Looking to get your slate fix on but don’t want to watch the first iPad television commercial on Apple’s web site or your DVR? HP is happy to oblige with two new videos showing off the HP Slate that was first introduced by Steve Ballmer at the Consumer Electronics Show. Both vids are worth a look in order to get a feel for the device thickness, ports and such, but they also show the custom user interface on top of Windows 7 — can you say Origami Experience, part III? — as well as some applications.
The first video is more promotional than anything else, but for me it does raises the following question: Will the device be this peppy in terms of performance? My concern is that it won’t, but that’s purely speculative on my part. Well, maybe not “purely” speculative — I’m basing the thought on several years of UMPC ownership as well as on the performance of today’s netbooks.
Why compare the HP Slate to a netbook of today? While there’s no official announcement on what’s powering the HP Slate, we know several things that tell us what’s likely powering it. Given that the device runs on Microsoft Windows 7, I’d guess that like new netbooks, it runs on an Intel N400-series Atom CPU with integrated Intel graphics in addition to a hardware accelerator solution — that last bit is mentioned in the second vid, as pointed out by Engadget. Could HP surprise me and use a different x86 processor? Sure it could — at the cost of battery life — something I don’t think will happen.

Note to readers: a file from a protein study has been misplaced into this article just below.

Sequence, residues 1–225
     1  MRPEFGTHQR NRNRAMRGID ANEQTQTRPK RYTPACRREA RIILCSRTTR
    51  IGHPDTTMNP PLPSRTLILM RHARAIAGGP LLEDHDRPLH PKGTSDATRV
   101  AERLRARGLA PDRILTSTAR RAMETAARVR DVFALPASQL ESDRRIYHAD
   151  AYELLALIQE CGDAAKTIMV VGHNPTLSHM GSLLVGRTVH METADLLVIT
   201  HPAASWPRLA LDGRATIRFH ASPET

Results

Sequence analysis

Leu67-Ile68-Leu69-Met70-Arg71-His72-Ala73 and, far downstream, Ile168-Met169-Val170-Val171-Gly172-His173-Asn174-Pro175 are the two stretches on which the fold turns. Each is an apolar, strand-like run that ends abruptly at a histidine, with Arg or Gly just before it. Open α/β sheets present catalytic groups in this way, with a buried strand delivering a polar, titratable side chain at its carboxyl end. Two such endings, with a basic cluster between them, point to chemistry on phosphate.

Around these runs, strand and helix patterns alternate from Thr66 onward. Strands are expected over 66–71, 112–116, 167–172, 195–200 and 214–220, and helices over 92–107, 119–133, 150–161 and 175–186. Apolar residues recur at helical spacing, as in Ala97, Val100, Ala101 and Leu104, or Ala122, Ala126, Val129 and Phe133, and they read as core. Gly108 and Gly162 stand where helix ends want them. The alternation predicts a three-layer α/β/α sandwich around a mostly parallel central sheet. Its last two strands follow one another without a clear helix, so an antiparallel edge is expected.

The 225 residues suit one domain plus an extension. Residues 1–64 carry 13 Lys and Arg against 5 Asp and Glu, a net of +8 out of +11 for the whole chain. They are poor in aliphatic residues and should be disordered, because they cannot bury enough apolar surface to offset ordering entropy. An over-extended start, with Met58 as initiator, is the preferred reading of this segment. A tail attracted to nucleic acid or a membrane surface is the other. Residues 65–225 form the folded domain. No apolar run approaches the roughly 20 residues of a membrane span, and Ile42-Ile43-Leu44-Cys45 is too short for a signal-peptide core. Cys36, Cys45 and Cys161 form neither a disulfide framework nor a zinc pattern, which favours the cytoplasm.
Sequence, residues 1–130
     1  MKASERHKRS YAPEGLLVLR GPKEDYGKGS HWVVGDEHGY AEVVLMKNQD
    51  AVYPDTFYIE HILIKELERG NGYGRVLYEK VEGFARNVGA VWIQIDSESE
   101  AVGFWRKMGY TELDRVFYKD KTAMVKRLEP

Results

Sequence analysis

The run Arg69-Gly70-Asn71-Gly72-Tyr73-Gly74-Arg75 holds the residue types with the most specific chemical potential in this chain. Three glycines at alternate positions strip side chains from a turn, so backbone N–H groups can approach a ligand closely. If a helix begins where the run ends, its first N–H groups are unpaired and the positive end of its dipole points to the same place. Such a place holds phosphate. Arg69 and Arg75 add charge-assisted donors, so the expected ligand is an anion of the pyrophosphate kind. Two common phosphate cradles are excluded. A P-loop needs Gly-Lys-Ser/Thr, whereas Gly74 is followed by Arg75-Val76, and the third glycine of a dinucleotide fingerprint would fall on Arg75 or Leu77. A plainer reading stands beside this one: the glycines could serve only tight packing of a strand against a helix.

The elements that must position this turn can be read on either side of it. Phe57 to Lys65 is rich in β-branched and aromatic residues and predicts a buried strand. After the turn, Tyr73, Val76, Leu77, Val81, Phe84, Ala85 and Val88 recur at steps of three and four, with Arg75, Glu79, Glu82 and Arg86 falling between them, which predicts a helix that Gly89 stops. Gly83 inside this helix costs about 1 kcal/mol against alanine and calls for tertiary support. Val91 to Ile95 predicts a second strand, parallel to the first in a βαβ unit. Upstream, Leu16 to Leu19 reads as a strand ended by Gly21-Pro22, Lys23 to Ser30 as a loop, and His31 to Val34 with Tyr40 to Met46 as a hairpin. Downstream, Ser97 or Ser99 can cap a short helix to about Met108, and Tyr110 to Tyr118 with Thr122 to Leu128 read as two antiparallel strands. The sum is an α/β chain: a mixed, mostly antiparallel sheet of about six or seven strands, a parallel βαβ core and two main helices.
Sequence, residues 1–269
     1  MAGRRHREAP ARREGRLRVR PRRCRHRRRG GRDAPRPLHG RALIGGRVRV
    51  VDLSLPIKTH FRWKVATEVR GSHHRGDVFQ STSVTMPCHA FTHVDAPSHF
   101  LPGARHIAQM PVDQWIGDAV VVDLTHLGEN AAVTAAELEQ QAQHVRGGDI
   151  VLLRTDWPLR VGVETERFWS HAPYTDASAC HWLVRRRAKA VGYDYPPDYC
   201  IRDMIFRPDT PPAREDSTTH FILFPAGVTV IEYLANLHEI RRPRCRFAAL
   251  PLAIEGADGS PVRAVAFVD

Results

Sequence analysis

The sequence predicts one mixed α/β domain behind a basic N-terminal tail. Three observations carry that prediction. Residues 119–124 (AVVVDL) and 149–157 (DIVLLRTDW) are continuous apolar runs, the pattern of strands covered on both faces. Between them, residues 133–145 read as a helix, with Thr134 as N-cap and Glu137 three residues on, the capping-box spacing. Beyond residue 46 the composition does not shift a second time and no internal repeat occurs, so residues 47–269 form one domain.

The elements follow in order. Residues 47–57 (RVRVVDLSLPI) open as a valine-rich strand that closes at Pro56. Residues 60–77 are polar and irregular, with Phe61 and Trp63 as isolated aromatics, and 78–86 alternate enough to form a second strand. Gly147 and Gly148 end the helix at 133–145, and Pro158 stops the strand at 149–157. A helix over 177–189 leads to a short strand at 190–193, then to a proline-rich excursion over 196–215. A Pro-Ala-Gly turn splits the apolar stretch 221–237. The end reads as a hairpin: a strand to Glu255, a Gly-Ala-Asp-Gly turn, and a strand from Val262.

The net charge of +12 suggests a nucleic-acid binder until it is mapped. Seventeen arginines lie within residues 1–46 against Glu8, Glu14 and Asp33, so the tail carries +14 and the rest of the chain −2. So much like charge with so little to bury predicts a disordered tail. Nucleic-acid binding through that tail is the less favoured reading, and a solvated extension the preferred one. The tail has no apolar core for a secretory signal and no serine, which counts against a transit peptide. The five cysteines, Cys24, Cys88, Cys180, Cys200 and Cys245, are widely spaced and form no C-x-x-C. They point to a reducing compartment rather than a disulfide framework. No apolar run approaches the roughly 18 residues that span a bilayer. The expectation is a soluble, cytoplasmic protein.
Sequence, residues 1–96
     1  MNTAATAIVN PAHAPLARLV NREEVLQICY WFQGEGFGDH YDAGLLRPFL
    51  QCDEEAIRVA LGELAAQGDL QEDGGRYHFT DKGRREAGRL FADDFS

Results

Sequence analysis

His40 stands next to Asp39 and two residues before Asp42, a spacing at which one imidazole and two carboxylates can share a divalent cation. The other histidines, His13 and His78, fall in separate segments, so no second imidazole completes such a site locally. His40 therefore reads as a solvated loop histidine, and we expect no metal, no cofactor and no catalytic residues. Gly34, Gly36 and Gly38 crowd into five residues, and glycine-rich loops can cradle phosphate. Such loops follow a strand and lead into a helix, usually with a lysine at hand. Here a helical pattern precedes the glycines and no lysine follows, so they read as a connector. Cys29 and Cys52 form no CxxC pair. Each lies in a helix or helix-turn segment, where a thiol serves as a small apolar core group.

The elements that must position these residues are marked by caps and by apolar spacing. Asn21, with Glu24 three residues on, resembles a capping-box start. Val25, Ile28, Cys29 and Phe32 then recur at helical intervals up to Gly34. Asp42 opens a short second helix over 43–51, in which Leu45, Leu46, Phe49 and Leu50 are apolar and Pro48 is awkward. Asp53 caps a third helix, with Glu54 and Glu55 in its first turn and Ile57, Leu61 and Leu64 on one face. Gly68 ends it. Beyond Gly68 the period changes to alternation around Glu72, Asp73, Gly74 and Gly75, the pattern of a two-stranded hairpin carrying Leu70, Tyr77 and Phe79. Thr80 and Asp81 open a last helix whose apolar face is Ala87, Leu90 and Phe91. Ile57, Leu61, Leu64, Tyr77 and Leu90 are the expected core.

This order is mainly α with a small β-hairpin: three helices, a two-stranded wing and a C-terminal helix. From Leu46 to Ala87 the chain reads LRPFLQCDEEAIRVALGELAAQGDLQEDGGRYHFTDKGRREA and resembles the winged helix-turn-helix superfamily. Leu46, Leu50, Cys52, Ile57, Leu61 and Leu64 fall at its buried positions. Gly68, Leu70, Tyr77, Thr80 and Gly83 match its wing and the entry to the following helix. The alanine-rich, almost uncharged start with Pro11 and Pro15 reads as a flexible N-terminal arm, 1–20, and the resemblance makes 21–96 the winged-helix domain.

The second video focuses on a key differentiator to Apple’s iPad — the ability to run Adobe Flash. I’m still wondering if Microsoft is skating to the puck while Apple skates to where the puck will be on this one. I believe that Flash and HTML5 can easily co-exist in the world, but Flash won’t control nearly as much of the video and gaming web that it does today. And Flash isn’t the only big function difference here — Apple’s iPad won’t natively handle inking and handwriting recognition, although some third-party apps can help out that deficiency.
I’m excited by the HP Slate simply because it appears to be the closest product yet to the exciting and original Project Origami vision from 2006. Once the device hits the market later this year, there’s bound to be plenty of buyers who need that full desktop computer compatibility with a mobile device. I’m just not sure that I’m one of them, given my reliance upon the cloud for nearly all of my work activities — a full desktop operating system on my mobile device adds overhead that I don’t think I need for a device in this class. I’ll have to ponder that a little bit more though. Thoughts?
Image courtesy of HP
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